The Great Debate UK
What do an eight-legged creature in an aquarium in Germany and 74 economists have in common? The consensus view that Spain would claim the World Cup -- until the economists, as they so often do, changed their minds.
If World Cup 2010 goes down as one of the most unpredictable and exciting competitions in recent history, bringing underdogs Holland and Spain to the final showdown, what was hopelessly routine was watching so-called expert opinion converge around the safest bet. At least among financial professionals, who have done so well of late predicting the future.
When Reuters first surveyed economists and forecasters in May on which team would be kissing the golden grail on July 11, 2010 in South Africa, it made for interesting reading. Spain would take it -- by a narrow margin, it has to be said -- followed by Brazil, Argentina and England. Improbable probability analysis, perhaps, but not boring.
Then as various teams got knocked out of the competition -- former champions Italy, France, and England -- in a miserable and well-deserved defeat to Germany, Reuters re-polled these same economists and a few more for good measure. And that's when they fell flat. Those brave forecasters slipped back to the easy choice, and as a group they picked Brazil. We all know what happened to them.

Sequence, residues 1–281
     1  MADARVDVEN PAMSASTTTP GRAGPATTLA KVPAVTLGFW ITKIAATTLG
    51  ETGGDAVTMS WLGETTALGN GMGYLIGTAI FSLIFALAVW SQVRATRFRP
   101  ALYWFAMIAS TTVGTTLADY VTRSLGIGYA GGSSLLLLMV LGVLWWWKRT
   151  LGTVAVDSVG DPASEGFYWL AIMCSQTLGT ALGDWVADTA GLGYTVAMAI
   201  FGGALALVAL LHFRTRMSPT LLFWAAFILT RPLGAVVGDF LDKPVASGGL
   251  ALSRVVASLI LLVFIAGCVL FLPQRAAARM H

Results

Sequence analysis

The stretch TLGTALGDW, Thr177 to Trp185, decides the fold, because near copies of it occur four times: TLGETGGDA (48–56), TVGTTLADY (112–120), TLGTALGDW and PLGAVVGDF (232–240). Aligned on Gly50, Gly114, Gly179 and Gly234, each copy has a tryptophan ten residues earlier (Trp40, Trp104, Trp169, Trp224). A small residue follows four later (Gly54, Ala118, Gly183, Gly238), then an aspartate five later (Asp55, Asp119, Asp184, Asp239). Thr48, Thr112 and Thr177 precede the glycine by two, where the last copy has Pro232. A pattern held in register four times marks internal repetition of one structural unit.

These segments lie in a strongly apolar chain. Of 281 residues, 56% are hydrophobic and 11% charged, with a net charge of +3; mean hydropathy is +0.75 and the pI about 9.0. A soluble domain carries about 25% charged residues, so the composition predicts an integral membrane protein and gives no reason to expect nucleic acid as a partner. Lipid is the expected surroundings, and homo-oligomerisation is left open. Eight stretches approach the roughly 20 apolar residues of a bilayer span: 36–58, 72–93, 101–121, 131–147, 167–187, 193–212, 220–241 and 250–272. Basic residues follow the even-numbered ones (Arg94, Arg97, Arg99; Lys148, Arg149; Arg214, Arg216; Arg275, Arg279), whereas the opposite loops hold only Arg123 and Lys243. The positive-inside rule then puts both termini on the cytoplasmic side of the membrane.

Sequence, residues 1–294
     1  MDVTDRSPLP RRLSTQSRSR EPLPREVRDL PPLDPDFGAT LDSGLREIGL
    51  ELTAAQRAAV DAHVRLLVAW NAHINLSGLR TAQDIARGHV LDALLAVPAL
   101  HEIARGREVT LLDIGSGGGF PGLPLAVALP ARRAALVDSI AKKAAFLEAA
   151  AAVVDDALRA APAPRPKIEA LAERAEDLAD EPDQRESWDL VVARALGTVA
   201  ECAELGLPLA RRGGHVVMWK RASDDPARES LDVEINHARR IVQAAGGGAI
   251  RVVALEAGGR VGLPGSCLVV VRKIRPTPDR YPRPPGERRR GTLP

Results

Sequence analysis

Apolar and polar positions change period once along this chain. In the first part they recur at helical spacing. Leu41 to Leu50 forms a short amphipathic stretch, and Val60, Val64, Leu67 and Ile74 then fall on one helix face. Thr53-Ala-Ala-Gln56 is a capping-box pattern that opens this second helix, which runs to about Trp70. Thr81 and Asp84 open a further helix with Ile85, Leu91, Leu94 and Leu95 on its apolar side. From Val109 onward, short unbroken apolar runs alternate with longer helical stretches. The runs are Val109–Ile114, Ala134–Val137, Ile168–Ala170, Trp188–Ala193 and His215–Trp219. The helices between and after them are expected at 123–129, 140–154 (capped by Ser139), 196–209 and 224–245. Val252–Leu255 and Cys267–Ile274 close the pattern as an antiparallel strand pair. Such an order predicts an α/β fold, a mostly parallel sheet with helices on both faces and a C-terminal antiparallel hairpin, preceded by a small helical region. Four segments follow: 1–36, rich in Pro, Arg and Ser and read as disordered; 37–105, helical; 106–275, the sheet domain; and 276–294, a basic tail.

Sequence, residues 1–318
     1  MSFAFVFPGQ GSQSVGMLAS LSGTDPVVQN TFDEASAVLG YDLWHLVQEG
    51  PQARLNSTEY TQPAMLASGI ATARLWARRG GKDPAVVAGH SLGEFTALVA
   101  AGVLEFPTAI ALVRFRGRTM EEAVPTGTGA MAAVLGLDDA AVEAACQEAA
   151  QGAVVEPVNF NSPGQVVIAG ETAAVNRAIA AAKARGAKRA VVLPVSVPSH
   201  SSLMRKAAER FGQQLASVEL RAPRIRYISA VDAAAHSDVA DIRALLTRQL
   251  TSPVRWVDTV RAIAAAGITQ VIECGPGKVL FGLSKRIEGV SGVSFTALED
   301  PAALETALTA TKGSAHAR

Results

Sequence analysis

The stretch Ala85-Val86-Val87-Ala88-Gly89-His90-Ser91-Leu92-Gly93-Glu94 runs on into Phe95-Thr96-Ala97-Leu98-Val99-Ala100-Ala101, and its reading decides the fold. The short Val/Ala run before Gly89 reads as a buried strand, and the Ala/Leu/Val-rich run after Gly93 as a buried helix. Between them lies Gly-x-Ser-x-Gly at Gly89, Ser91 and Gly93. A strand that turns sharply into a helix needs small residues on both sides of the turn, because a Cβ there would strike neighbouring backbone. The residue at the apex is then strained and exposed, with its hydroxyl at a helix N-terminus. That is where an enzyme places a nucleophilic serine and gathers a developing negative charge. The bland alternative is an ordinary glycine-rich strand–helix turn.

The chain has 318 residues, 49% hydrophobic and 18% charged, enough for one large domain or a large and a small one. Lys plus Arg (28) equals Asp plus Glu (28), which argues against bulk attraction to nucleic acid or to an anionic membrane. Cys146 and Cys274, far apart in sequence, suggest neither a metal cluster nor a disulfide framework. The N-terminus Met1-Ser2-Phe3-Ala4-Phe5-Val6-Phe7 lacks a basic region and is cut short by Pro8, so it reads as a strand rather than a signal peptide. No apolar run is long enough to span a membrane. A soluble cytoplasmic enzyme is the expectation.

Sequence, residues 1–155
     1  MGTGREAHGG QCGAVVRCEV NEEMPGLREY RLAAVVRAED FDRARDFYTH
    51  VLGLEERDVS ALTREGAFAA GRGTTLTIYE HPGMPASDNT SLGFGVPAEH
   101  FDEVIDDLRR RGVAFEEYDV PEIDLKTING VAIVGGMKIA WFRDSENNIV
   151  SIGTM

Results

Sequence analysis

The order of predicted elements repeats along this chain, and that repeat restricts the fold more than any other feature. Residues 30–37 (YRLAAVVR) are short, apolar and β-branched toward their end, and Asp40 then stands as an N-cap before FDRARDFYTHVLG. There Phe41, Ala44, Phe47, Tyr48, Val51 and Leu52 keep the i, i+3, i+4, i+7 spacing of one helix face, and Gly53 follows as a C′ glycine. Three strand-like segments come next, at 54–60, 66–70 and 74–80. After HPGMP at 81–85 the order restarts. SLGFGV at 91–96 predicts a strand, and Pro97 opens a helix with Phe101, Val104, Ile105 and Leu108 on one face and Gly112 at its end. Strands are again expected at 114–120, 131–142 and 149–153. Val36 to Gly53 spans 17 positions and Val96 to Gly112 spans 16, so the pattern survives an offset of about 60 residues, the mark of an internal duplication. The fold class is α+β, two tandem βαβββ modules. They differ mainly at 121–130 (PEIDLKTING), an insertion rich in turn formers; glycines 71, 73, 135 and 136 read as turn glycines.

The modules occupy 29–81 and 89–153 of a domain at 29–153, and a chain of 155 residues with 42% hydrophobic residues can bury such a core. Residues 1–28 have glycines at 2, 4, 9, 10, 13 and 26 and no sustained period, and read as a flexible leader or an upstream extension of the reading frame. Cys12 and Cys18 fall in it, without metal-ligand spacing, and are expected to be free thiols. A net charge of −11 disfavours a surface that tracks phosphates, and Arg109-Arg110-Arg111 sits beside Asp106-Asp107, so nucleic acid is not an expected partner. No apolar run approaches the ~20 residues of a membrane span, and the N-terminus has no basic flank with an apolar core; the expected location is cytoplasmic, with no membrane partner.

– Tessa Jowell is Britain’s Minister for the Olympics and London and has held a variety of senior government posts. She has direct responsibility for delivery of the government’s Olympic programme. Jowell has been a member of parliament for the Labour Party since 1992. The views expressed are her own. –
In 1896 a Greek woman called Stamata Revithi decided to run the inaugural modern day Olympic Marathon in Greece. Arriving in the Village of Marathon she was told by officials that she was not allowed to compete in the race the next day as the entry deadline had expired.